King of the Giantdowns
My House, My Rules
This page contains an explanation of the varied house rules I will be observing during the campaign. This does not include major rules changes, such as those under the E6 and Bloodline umbrellas, as those rules are important enough to have their own section.
Part 1: Action Points
Every player has a personal pool of general use resources from which to pull when it is needed. Called Action Points or AP, these points can help you hit harder, move faster, and fudge the rules, when appropriate. Unlike most in-game resources, these are tied to the player not the character, and should your character die, these will transfer to any new character you might want to introduce. They are a very limited resource, however, so use them wisely.
Each player begins with 2 AP. At the beginning of each game session, each player attending gains one AP. If you miss a week, you don’t gain any. If the entire party decides to take downtime, each player gains a single AP for every month of time elapsed. A player does not gain these APs if he is playing a secondary character while the main PC is taking downtime.
If at any point you have any Regency Points (see: Blood Abilities), you no longer gain Action Points from that point on. Any “banked” action points are still available for use and you resume accruing them during weeks you play an unblooded character.
The following is a list of benefits a player may gain from the use of an Action Point, along with any associated costs or restrictions:
Heroic Surge: You may alter one D20 roll by adding 1 (or more) d6 to the result. You may roll a number of additional d6 along with the d20 for that check equal to the Action Points you spend. Add the best d6 result to your d20 result. You may choose to roll after the results of the d20 roll are known. If you do, roll 1 less die (min 0).
Action: None. Using this ability is part of whatever action you are augmenting.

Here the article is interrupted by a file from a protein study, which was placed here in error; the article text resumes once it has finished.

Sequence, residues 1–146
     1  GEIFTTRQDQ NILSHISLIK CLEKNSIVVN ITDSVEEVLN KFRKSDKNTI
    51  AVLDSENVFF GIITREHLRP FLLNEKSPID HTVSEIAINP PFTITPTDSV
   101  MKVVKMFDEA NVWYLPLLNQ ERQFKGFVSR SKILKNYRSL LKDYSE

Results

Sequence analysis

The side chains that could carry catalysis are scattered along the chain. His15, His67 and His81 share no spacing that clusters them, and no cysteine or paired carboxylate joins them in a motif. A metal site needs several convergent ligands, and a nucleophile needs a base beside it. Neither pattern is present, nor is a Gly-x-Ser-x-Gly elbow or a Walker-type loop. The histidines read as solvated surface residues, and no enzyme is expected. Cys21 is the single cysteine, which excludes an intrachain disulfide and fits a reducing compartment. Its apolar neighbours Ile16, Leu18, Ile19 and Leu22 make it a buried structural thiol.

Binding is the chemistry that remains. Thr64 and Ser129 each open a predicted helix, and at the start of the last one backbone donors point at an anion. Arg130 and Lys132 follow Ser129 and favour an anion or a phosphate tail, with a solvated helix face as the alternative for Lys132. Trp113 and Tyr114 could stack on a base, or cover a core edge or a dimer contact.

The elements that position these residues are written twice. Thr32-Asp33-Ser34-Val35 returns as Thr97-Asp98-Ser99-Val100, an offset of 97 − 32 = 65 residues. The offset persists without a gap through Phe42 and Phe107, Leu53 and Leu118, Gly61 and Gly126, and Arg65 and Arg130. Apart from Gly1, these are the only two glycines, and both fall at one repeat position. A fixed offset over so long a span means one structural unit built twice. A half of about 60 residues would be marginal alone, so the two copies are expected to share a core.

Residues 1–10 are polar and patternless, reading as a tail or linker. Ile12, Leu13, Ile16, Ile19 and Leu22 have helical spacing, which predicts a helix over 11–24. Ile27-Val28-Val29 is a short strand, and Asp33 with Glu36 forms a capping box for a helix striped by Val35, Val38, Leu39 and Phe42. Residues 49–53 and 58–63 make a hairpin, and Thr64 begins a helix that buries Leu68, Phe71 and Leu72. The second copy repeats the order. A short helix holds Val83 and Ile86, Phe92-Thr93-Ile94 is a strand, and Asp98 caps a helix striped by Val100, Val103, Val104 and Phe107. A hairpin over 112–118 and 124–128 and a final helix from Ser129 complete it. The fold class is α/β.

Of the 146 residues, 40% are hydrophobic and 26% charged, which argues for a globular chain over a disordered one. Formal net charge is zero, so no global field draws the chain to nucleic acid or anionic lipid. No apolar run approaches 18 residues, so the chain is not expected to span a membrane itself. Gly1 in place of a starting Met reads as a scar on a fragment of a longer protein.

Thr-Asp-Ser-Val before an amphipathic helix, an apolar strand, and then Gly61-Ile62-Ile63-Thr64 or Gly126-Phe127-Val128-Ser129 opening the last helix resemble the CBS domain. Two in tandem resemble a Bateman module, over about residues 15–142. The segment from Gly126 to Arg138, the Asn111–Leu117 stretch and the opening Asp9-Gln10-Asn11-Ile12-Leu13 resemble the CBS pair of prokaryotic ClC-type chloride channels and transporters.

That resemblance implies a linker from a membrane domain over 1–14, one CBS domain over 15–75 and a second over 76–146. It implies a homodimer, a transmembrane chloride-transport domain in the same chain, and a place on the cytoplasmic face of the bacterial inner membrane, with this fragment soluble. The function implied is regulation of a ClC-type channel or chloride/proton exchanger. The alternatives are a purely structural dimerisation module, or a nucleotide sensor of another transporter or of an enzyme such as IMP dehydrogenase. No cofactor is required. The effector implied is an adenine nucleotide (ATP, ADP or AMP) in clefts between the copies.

Dodge: You gain a +2 Dodge bonus to AC per Action Points spent until the beginning of your next turn. You may use this after an attack has hit to cause it to miss, but if you do you are Fatigued for a number of rounds equal to the number of FP spent.
Resilience: You may use Action Points to reduce a fatal blow to one that is merely grievous. If a single
attack or action reduces your HP total past the point of death, it instead reduces you to a
number of HP equal to the Action Points spent minus your Con score, and bleeding.
Last Stand: When you would be reduced below 0 HP or otherwise rendered unconscious or incapacitated, you may immediately make a single Standard Action. Any Attacks of Opportunity triggered by this action are resolved after the action instead of before as usual.
Powerful Cast: You can draw on your own spirit to enhance the DC or CL of a spell you cast by the number of Action Points you spend on it.
Action: None. Using this ability is part of whatever action you are augmenting.
Part 2: Equipment
Piecemeal Armor— My game will use the optional Piecemeal Armor system from Ultimate Combat. If you find the rules complicated, or dislike them, you can still wear a full suit of the appropriate armor in the CRB. However, many magical suits or sets of armor will have varying enchantments on each individual piece, so it may be fun and/or to your advantage later in the game.
Crossbows— Much like firearms in regular Pathfinder, crossbows target Touch AC when within